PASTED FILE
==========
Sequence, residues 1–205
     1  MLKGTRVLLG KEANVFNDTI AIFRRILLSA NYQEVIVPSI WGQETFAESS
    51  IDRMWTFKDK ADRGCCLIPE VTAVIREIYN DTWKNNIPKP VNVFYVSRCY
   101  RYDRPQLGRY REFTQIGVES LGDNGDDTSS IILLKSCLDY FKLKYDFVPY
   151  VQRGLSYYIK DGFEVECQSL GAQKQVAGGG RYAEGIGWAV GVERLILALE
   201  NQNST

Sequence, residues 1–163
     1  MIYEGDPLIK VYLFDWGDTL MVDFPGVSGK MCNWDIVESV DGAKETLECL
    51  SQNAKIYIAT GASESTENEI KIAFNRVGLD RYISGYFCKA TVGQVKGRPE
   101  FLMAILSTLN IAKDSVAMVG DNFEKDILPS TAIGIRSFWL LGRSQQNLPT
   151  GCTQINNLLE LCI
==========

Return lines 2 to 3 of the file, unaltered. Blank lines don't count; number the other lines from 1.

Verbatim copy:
     1  MLKGTRVLLG KEANVFNDTI AIFRRILLSA NYQEVIVPSI WGQETFAESS
    51  IDRMWTFKDK ADRGCCLIPE VTAVIREIYN DTWKNNIPKP VNVFYVSRCY